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What Is Content Marketing Authenticity?

We’re long past the advertising heyday of the mid-twentieth century, where the go-to marketing campaign was simply placing your product in front of a camera (preferably in the hands of a flawlessly-presented actor), then just telling the audience what it was.

Fast-forward a few decades and the internet has utterly changed the way companies market themselves. Thanks to social media, even gigantic corporations can now interact with their users on a personal level; in fact, it’s become essential. While marketing has come a long way from the days of purely TV advertising and catchy jingles, the great irony is that a lot of it has looped back around to a very basic idea: authenticity.

There’s now a very real need for companies and brands to feel ‘authentic’. Where once people could only see the polished front of a company, social media now allows for genuine human interaction between customer and business. It’s human nature to crave that connection, and now that it’s been made possible from brand-to-individual (and vice-versa) there’s an expectation of ‘real’ rather than shiny corporate perfection.

Stats on brand authenticity across generations

Who’s Doing This Well?

Formula 1 may be the perfect example of a company that fumbled this kind of interaction at first, but managed to find their feet. Over time the company lost the connection to their supporters, with the event becoming staged, corporate and causing many previously-raving fans to fall away.

Enter a new media team, who realised the importance of connecting with their vital base of supporters. Now, the focus has shifted to the people behind the event, with fun additions such as a GoPro attached to the bottle of victory champagne and cameras in the green room that broadcast post-race conversations; anything that lets fans see behind-the-scenes and connect with the very real human element.

Formula 1 saw where it could improve and moved past its mistakes, but so many companies still struggle to come across as authentic, with their attempts actually doing the complete opposite. Make no mistake: you’re dealing with a social media-savvy generation, and they’ll be all too quick to call you out on staged content.

  Infographic about consumers and content authenticity

User-Generated Content

The stats vary depending on demographic, but not by a great deal: 90% of millennials say that authenticity is important when deciding to support a brand, compared to 85% of Gen X and 80% of Baby Boomers.

So how are brands doing? According to the 2017 Consumer Content Report, not that great. 57% of the people surveyed say that less than half of all brands are creating content that feels authentic. Even worse, 30% of millennials have said that they unfollowed a brand on social media because their content just felt fake.

It may seem obvious, but the most influential content of all is generated not by brands or influencers, but by the users themselves. People are simply more likely to listen to other people, so the juggernaut of online reviews cannot be underestimated. Once again, we can look to millennials and their unprecedented connection to technology: while a large majority of users read online reviews (86%), looking deeper reveals a more thorough picture. A massive 91% of users aged between 18-34 trust online reviews just as much as they’d trust the opinions of family and friends.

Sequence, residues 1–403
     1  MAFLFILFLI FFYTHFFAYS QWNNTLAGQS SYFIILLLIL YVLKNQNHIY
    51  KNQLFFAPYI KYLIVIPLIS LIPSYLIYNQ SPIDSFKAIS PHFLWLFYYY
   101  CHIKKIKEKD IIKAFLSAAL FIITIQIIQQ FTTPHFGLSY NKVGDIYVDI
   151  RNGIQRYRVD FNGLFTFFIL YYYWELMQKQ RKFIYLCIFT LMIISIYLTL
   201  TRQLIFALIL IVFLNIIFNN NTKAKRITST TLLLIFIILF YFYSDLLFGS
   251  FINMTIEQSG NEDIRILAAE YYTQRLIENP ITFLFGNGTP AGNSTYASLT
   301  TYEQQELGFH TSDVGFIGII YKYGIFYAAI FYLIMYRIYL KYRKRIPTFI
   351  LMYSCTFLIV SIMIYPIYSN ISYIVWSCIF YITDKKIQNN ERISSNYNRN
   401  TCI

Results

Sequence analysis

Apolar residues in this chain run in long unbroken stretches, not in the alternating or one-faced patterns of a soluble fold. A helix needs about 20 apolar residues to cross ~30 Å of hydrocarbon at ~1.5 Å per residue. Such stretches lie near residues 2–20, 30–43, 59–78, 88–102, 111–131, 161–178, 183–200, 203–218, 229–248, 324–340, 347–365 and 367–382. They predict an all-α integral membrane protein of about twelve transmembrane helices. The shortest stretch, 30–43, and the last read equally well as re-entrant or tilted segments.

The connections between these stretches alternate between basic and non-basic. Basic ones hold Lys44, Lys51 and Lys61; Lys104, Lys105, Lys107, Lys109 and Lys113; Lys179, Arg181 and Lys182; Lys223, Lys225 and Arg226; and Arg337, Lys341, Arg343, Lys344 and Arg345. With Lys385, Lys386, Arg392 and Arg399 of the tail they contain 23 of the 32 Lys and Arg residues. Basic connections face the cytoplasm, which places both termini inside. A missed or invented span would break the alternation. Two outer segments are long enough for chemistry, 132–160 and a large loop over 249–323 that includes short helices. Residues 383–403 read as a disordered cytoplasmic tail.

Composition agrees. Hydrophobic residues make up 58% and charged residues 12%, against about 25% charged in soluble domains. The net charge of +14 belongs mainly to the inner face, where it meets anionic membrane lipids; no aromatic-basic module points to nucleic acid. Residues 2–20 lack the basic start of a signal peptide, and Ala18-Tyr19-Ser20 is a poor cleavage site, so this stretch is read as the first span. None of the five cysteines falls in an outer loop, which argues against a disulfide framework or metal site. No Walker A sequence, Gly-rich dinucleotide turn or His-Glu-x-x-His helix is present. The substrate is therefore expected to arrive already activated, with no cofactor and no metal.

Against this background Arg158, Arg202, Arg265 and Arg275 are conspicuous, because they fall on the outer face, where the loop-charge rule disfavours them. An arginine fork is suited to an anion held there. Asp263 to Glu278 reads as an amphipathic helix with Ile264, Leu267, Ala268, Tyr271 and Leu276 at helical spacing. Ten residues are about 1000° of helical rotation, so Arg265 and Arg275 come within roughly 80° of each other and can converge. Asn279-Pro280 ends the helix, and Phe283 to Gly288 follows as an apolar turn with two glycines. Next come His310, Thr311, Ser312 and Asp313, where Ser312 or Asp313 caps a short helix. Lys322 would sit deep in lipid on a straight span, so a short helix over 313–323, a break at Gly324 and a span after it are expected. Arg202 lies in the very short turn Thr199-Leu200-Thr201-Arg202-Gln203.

This isn’t to say that brands and influencers have no power or place in the process of getting the word out. They may not resonate with supporters quite as well as an online review with a name attached, or a good word from a person’s dear old mum, but they have the critical ability to communicate your message to a far bigger audience.

Stats on millennials unfollowing brands on social media because of content

How Can Your Content Be More Authentic?

There’s no catch-all solution for companies and brands wanting to appear more ‘real’ to their followers. Authenticity starts with you, your company, your brand, and understanding your unique voice. The ‘Authentic 100’ lists corporate giants such as Apple, Microsoft and [Nestle – change] at the top of their rankings. This isn’t a trust rating or a popularity contest; this just means that these brands realise who they are, and they translate that into smart, authentic marketing. People expect Apple to be shiny and sleek, so that’s how they present themselves.

Every brand is different, every product is unique, and every marketing campaign should have a distinct focus. However, while there’s definitely no silver bullet strategy that’ll appeal to every single demographic on the planet, there is one marketing principle that remains constant: don’t be afraid to be bold.

Content marketing authenticity, in the broad scheme of things, is a new phenomenon. Big corporations have tried and failed, and that fear of being judged for your slip-ups can put off many brands – especially those that are not well established. However, sincerely trying to connect with your audience is the best possible thing you can do to start.

Stats on how many online users trust reviews

The Smarter Way

At SBM, we’re always striving to try to do things smarter, and at the moment, content marketing authenticity IS the smart way to do things. Before we get into strategy, website content, or the creative aspects of a campaign, we first take the time to get to know a business, who they are, what they do, and their unique voice.

Of course, it’s equally important to consider the customers: who they are, and what they’re expecting to see. In the end, that’s what authenticity really is: taking the honest message of who you are as a business, and then sharing that truth with your supporters.

 

– Written by Stuart J.A. McNabb

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